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Consumers’ decision on 13 dams could alter Michigan rivers, towns

Consumers Energy’s license to generate hydropower at the Alcona Dam, on the Au Sable River, expires in 2034. The company is now considering selling Alcona and 12 other dams that generate small amounts of expensive power. (Bridge photo by Kelly House)
  • Consumers Energy said it would consider selling its 13 hydropower dams in Michigan citing high costs and little output
  • The dams’ fate could have significant consequences for local economies that have grown up around the dams
  • Taken together, the dams generate less than 1 percent of the power used by Consumers’ customers 

Consumers Energy will consider selling its 13 hydropower dams in Michigan as it reckons with high costs to maintain structures that provide little electricity.

Consumers said in a press release Wednesday it is “exploring all options” to keep reservoirs intact “while reducing costs for Consumers Energy’s customers.” The process has the potential to reshape Michigan rivers in a way not seen in recent history. 

The company last year launched a lengthy process to consider the future of the dams, which plug five Michigan rivers: The Au Sable, Manistee, Muskegon, Grand and Kalamazoo. 

Operating licenses for all of the dams, which are more than a century old on average, are set to expire in the coming years. That prompted Consumers to consider the future of aging structures that no longer generate enough electricity to cover the rising cost of operations and maintenance.


Taken together, the 13 dams provide less than 1 percent of the power used by Consumers’ customers. And the power they produce costs several times more per kilowatt-hour than other energy sources.

When Consumers launched its dam review, it put four options on the table for each dam: Relicense and continue generating power; sell to a new owner who would maintain the impoundment; remove the dam and restore a free-flowing river; or build a new barrier that generates no power, but preserves a reservoir.

Consumers’ reconsideration of the dams has drawn keen interest from nearby residents who fear lost property values and dying towns, from electric ratepayer advocates who don’t want Consumers customers to pay to maintain dams that deliver little power, and from environmentalists who see a chance to restore rivers harmed by the impoundments.


Coco Soodek represents the Lake Allegan Association, a group that advocates for landowners on the impoundment created by the Calkins Bridge Dam in the Kalamazoo River. She said she is not optimistic Consumers will find a buyer for the dam.

Any potential sale would be complicated by a number of factors, she said, from PCB-contaminated at the bottom of its reservoir, to a deed restriction that limits who could buy the dam, to the fact that the impoundment functions as a barrier to keep sea lamprey from traveling up the Kalamazoo River.

Soodek said from her perspective, the best option for Calkins Bridge Dam is for Consumers to keep maintaining it. “The second best option,” she said, “is for them to transfer it to a county-level entity, and fund that entity to alleviate (Consumers) of the burden of dealing with and managing the dam and the lake.”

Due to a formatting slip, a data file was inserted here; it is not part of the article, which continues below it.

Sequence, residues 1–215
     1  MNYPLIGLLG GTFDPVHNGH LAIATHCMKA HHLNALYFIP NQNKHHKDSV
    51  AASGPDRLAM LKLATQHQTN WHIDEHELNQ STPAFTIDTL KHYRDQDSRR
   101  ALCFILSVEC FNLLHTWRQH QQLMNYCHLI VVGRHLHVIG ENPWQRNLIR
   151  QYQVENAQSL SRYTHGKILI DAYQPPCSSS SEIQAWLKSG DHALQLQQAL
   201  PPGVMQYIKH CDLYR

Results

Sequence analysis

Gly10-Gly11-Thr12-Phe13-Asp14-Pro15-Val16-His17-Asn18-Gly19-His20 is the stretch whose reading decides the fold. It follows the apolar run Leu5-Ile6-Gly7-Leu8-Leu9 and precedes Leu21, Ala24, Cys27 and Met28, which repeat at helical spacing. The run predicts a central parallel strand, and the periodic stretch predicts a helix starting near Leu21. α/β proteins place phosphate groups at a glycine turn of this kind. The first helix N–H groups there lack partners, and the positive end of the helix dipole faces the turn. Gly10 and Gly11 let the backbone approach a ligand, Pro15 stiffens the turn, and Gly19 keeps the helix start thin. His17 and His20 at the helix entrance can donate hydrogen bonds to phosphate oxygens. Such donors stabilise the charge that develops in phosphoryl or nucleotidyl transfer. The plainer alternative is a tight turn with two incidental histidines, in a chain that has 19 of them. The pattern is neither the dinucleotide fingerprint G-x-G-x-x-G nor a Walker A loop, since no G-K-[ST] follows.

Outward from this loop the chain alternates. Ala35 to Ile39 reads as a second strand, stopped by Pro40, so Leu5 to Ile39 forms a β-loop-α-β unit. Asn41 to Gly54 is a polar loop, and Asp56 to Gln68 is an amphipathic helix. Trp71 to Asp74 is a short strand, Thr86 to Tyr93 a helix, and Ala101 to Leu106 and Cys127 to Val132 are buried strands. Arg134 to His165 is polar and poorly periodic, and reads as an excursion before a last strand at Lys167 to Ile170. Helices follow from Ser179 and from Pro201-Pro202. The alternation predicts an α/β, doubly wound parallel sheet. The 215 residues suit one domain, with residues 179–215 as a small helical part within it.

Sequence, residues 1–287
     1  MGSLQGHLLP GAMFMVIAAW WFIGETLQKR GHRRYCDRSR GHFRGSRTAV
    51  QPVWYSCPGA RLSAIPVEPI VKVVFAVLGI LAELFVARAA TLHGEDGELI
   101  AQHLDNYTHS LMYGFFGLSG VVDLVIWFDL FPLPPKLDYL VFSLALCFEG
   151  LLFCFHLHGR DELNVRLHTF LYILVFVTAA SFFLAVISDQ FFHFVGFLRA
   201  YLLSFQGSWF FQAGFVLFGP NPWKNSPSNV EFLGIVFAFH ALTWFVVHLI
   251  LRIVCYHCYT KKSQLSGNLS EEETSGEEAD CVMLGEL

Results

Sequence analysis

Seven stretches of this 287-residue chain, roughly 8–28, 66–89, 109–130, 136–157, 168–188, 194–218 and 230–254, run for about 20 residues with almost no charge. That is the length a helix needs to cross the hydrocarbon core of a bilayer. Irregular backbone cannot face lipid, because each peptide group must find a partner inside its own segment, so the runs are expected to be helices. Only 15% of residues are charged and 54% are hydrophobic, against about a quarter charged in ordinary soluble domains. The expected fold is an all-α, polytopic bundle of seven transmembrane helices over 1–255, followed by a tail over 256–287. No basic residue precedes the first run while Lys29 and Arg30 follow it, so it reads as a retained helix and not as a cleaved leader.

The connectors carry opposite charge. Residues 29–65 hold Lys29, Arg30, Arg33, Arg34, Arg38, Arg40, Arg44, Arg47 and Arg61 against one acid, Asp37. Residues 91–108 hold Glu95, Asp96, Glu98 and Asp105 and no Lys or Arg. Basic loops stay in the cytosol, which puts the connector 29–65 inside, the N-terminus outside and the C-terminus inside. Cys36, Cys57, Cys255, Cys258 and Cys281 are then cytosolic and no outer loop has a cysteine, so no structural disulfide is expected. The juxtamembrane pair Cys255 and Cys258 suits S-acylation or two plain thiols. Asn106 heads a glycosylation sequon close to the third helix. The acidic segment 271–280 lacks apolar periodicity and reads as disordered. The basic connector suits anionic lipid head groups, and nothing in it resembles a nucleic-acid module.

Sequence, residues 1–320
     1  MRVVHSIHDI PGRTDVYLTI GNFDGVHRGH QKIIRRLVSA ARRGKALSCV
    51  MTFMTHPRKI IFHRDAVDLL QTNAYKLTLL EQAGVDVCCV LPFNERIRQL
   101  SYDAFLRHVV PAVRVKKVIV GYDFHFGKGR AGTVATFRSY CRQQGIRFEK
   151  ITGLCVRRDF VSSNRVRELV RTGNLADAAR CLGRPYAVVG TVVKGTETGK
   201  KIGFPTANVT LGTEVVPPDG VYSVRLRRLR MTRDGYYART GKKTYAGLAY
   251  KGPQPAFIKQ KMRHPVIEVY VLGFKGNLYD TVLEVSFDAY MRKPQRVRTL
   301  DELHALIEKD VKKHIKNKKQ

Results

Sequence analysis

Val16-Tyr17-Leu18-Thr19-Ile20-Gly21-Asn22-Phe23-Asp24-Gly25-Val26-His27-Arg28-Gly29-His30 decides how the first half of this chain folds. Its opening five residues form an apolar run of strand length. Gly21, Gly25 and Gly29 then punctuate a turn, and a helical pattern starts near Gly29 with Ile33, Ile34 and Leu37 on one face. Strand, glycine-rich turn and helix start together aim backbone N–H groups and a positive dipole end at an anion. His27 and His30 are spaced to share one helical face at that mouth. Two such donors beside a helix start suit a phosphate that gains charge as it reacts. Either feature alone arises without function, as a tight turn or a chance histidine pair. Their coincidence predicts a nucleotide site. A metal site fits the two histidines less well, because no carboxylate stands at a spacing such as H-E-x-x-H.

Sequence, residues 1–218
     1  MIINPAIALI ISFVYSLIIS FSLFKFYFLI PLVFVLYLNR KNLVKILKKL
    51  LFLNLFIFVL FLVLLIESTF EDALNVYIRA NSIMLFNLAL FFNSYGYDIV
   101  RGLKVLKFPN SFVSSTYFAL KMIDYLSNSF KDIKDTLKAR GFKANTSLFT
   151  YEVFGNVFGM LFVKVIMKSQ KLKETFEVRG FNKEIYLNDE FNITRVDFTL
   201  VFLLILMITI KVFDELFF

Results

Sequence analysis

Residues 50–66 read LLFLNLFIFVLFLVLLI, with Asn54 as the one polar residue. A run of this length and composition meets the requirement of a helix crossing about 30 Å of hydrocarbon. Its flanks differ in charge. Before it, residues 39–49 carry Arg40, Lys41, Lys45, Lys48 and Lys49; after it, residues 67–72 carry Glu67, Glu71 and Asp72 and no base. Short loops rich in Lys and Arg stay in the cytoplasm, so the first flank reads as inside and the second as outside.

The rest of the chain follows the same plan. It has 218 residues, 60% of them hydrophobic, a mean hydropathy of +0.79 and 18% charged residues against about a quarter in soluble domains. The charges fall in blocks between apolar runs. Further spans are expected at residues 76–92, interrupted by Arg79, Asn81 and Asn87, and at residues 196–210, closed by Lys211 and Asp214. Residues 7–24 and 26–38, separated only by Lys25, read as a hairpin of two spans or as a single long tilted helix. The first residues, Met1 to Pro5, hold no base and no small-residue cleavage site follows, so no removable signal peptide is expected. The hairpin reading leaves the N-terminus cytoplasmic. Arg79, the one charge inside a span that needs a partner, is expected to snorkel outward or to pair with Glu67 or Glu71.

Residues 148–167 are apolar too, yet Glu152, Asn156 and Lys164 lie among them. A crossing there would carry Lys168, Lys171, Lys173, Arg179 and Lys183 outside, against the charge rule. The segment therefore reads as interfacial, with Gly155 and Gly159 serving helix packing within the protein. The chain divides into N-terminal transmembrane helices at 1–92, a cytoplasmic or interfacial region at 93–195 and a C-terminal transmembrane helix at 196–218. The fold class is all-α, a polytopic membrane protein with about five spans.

In the century since many of the dams were built, whole economies have cropped up around their reservoirs, which are now valued just as much for boating, swimming and fishing as for the energy they provide.

But the dams also dramatically alter rivers, warming them and slowing their flow in ways that can be devastating for native fish.

“After numerous conversations over the past year, it is clear the reservoirs are important for economic and recreational opportunities in these communities across Michigan,” said Norm Kapala, Consumers Energy’s vice president of generation operations. “But we also know that the current model for financing our hydroelectric power operations requires customers to pay more than nine times for the cost of energy compared to other sources of generation.”


Consumers will issue a request for proposals to explore possible dam sales. During public meetings last year, some communities considered the notion of finding a way to buy their local dam from Consumers rather than seeing it razed. 

Michigan’s infamous Midland Dams offer a model. After two of the impoundments failed following years of poor maintenance by former owners, property owners around the dams took control of them, covering maintenance costs with annual taxes imposed on properties near the reservoirs. 

But many of the dams owned by Consumers are in rural places with comparatively few nearby residents to split the cost of buying and maintaining a massive dam.

Kapala called Wednesday’s announcement “an initial step we need to take to learn more about what selling the facilities might look like.” He stressed that no final decision has been made. 

The company will kick off another wave of public meetings this summer to discuss the dams’ future, beginning in Allegan on Aug. 29. Details are here. 

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